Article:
On the noble Lord's new paragraph (b), it is not for the state to promote marriage or to brief against it. However, I certainly agree with his suggestion that strong and supportive family relationships are good for children. That, too, can be taught to young people before they ever become parents, which is highly desirable.

Proposed new paragraph (c) relates to child welcoming and naming ceremonies. Again, I am not sure that the registrar is the person to provide that information. People are already doing it: I have been to a number of such ceremonies for the children of people who are not religious and who therefore do not want a baptism. I absolutely support the noble Lord's objective in that he believes that such ceremonies would help to secure the commitment of the father to a continuing relationship with the child even where the parents are not married or are cohabiting. That is highly desirable. However, I

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just wonder whether women's magazines or the bounty box that new mothers receive are perhaps a more appropriate place for ideas about different kinds of naming and commitment ceremonies. Perhaps they could be floated and discussed. They can be much more personalised than most baptisms that I have been to. They can be a happy event and certainly one at which the father can show his support and commitment to the child, even though he may not even live with them-although the ones that I have been to involved fathers who did live with the child.

We are therefore generally supportive of what the noble Lord is trying to achieve but not quite sure that the amendment is the most appropriate way of doing it.

Lord Freud: My Lords, the noble Lord, Lord Northbourne, makes some important points with his amendment. I am pleased to see that, unlike many in the Government, he agrees with us in identifying a strong and stable partnership between the parents as a fundamental pillar in bringing up a child in a happy household. He is absolutely right to identify the ongoing problem of delivering support and resources to those who need it most. I am sure that many of us are aware of good intentions gone largely to waste in many areas because of low take-up by the target population.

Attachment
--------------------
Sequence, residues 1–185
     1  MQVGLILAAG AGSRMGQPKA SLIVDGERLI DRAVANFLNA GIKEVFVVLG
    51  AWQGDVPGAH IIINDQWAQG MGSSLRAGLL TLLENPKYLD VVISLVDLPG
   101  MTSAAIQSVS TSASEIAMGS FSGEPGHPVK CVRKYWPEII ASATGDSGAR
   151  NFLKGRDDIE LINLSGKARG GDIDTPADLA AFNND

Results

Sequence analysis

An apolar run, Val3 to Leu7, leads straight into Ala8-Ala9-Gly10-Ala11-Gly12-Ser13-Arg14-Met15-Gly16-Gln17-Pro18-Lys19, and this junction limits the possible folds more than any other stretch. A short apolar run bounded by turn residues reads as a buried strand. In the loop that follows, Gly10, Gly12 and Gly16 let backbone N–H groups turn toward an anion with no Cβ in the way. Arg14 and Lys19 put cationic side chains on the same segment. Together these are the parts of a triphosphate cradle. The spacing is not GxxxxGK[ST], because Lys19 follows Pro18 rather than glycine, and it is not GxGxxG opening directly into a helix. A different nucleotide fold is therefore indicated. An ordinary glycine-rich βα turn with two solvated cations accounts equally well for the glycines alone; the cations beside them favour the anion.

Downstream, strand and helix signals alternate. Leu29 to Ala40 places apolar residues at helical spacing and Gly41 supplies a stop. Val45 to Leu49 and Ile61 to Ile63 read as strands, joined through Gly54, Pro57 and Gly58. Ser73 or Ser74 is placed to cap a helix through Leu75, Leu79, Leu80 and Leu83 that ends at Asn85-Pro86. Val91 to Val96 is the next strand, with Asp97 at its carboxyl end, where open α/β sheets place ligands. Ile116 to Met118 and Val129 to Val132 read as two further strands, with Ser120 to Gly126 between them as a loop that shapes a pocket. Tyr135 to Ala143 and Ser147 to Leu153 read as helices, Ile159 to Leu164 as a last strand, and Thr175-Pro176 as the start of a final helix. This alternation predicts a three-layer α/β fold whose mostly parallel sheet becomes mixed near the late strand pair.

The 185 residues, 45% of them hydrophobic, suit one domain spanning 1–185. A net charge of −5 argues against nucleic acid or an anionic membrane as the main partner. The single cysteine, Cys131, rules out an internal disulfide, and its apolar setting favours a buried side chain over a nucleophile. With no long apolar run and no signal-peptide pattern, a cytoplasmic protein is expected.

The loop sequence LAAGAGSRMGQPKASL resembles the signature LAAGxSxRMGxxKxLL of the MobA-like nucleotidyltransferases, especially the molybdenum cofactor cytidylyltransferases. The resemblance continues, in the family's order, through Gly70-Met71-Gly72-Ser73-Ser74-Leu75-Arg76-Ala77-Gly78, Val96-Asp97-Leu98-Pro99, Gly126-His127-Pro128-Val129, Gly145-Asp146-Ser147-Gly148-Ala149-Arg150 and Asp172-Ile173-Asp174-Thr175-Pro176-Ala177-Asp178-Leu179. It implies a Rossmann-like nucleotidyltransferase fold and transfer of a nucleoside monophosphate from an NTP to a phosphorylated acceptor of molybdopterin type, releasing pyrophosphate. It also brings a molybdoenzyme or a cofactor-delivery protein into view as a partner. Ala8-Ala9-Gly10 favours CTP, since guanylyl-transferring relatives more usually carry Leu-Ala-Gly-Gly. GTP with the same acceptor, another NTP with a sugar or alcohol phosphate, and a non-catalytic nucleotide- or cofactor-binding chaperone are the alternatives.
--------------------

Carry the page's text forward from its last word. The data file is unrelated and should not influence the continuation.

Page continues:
As any parent in this Room will know, any baby brings with it sleepless nights, added expense and enormous responsibilities. These invariably put a strain on the healthiest, happiest and richest of relationships. Providing useful information and putting hesitant parents into contact with bodies, whether governmental or not, that can provide ongoing advice and support could make all the difference to whether a relationship survives the appearance of a child.

Lord McKenzie of Luton: My Lords, I start by congratulating the noble Lord, Lord Northbourne, on his 50th wedding anniversary-no mean achievement. The noble Lord's amendment would require the Secretary of State to consider and report on the potential impact on child poverty of placing a requirement on registrars to give parents a range of information when they register the birth. In particular, registrars would need to provide information on the parenting needs of children, marriage and the benefits to a child of strong family relationships, and commitment ceremonies, such as child welcoming and naming ceremonies.